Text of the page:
From my vantage in the picture above, I looked up at the point that we had bypassed and marveled at the jugginess of it. It called to my mind parts of the Needles -particularly Jagged and Eolus — and other random janga blocks you see on the more solid mountains of the San Juans. The rock was dry and we could have found a way down – but much more slowly than our easy south-side bypass.

Besides marveling back and upwards at the tower we’d bypassed, we had not only the severe drop before us, but plenty of scenery both fore and distant to either side – there is no drab spot in the Indian Peaks.

After this very basic and easy scrambling around the tower, the view down the final twenty-five to thirty feet into the notch is much more serious. I would still call it class 3; just steep. Ben led the way here – he’d been patient up to this point but now wanted to move. I followed more slowly, and even faced in for two moves on the way down.

Walking slowly across the snow to gaze downward to both directions, we engaged the rock on the other side, and quickly found it to be more technical, presenting both a steeper rise and smaller holds.

Ben’s view back down the ridge. I’m on the easy section; the steep climbing is hidden between the lower grassy lump and the snow just this side of the ridge point.

After this section, the rest of the way presented itself as a mild talus slog to rival the blandest the Sawatch has to offer.

No snowshoes needed up here! The final approach to Audubon’s summit.

However, as with most Colorado mountain climbs, periods of unexciting terrain allowed us to relax and enjoy the surrounding views. Gazing south recalled to my memory a fun scramble from Apache to Navajo, and closer up, prospects of intriguing 12er Mt. Toll.

From the summit: a close up of the shorter but much more menacing Mt Toll to the south.

From Audubon, the way west to Paiute is straightforward, with a loss of I’d estimate 500 feet in between to make it feel longer than I expected. Though seemingly very close, it took us around 50 minutes to traverse.

Paiute’s slimmer, more alpine-feeling summit.

The summit selfie (“ussie?”).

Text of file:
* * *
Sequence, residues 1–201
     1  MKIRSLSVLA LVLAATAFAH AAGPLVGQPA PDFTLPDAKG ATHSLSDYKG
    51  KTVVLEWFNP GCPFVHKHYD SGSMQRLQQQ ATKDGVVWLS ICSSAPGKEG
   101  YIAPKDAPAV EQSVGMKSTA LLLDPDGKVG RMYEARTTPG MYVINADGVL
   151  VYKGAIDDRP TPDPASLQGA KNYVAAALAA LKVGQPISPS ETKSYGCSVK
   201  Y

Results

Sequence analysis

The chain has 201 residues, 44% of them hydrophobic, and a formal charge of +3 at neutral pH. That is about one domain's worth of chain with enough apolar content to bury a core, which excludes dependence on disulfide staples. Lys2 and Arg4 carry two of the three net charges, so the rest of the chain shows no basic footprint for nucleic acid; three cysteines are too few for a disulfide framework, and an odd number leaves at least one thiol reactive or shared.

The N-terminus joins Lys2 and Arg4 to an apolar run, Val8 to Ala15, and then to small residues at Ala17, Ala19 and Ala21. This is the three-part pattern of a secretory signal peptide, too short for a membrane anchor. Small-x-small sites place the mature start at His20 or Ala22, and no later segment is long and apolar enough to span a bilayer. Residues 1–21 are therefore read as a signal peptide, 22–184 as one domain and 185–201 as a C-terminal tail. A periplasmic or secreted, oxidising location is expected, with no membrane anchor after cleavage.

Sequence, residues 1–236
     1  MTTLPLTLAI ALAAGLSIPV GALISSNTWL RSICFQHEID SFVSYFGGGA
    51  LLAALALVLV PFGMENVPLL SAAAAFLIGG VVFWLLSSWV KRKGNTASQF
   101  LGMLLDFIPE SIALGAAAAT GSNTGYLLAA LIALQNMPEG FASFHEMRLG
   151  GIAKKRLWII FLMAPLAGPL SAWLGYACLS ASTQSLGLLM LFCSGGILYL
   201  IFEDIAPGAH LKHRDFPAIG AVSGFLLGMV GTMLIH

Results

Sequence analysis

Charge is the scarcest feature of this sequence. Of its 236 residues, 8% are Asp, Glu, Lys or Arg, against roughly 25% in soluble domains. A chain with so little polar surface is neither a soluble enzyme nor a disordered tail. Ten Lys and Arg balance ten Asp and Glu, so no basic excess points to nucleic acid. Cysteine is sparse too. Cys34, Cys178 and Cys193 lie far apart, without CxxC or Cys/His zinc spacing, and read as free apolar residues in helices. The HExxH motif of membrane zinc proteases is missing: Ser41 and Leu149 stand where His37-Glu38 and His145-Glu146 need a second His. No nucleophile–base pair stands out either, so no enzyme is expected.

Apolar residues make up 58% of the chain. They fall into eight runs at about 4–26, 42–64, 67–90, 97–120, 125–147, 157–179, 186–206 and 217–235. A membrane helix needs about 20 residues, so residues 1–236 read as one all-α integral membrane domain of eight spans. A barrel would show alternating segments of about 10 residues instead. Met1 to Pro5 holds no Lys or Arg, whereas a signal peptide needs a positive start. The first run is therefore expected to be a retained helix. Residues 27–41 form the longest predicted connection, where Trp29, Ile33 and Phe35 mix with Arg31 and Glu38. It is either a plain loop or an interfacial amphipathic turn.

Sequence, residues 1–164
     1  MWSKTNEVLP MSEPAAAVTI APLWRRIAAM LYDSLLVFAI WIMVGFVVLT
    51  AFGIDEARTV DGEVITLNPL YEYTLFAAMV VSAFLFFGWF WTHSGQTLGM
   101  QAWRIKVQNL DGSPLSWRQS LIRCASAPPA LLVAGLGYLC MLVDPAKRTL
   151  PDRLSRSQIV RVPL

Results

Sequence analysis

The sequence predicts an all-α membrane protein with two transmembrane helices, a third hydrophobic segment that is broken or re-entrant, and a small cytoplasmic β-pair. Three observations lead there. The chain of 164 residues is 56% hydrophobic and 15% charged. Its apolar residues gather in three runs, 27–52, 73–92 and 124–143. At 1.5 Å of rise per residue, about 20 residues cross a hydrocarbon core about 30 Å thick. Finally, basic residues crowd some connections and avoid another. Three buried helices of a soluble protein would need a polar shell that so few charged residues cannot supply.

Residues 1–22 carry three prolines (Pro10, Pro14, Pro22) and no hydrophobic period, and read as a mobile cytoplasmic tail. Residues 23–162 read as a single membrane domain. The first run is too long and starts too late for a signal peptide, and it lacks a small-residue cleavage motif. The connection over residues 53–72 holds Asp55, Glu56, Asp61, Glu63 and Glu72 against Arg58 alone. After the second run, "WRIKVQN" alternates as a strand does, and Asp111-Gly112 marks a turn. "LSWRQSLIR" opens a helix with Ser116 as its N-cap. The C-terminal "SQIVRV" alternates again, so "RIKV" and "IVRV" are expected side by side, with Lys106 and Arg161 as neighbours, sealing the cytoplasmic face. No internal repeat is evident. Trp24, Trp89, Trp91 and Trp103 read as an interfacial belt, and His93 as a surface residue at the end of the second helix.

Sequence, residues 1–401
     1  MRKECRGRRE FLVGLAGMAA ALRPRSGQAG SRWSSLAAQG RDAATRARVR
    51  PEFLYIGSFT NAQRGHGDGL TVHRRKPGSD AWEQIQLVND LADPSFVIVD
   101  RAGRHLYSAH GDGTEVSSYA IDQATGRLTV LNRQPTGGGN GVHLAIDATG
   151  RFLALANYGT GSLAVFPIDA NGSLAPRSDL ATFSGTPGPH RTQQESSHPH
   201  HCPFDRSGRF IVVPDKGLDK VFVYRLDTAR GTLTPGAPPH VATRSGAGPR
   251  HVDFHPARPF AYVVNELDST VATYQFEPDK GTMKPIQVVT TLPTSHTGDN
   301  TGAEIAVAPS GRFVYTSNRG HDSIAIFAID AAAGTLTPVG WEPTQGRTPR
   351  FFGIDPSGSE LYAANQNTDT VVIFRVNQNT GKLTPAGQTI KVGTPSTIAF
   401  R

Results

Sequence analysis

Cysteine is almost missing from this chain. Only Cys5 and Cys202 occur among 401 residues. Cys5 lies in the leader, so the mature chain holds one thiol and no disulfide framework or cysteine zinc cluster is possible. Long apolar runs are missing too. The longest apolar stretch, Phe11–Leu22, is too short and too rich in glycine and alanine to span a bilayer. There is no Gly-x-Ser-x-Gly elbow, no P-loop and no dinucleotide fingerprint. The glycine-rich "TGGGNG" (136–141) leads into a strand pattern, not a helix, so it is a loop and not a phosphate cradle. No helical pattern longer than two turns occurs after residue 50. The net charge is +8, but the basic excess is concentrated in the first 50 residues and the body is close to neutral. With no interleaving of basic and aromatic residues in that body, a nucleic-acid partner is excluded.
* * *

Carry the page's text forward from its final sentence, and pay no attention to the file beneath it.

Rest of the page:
Maybe it was just the relatively small size of the summit, but the vantage on Paiute felt wilder that of Audubon, more like we were in the heart of the Indian Peaks. The 270 degree views from north-west-south rivaled the best among the Front Range.

Pano to the west from Paiute.

We had reached Paiute at 1:00, and the days, though lengthening, were still short, so we didn’t linger for more than fifteen or twenty minutes. Our way back was a simple retracing of steps to Audubon. From there, rather than venture back into the notch of the SE ridge, we veered northward to the expansive east face, descending grassy slopes speckled with snow patches. Angling southward, we aimed for a route that would take us just east of the tedious boulder field. Ben had to wait for me for several minutes as I negotiated an equally tedious boulder field – with these aging knees, down is no longer easier than side-hilling.

After that, we donned the snowshoes to make easy work of the snow. As we neared the road, the sun neared the end of its road in the sky, granting us a beautiful twilight.

Moon rising as the sun sets behind us.

A local – a wild eyed craggy-bearded lean fellow who should be a character from a novel – caught up to us on his skis just before the snow became patchy on the road and we enjoyed spirited, rambling conversation for several minutes. Eventually more minutes than I wanted, as twilight darkened toward evening, the temp steadily dropped, and the only cold thing I wanted was the trail’s end reward waiting in the car:

Our reward back at the car. Not for shooting birds – these magnums pack a solid round of hops for a delicious explosion to the taste buds!

Four Noses Brewery – solid stuff. A fitting end to a solid day.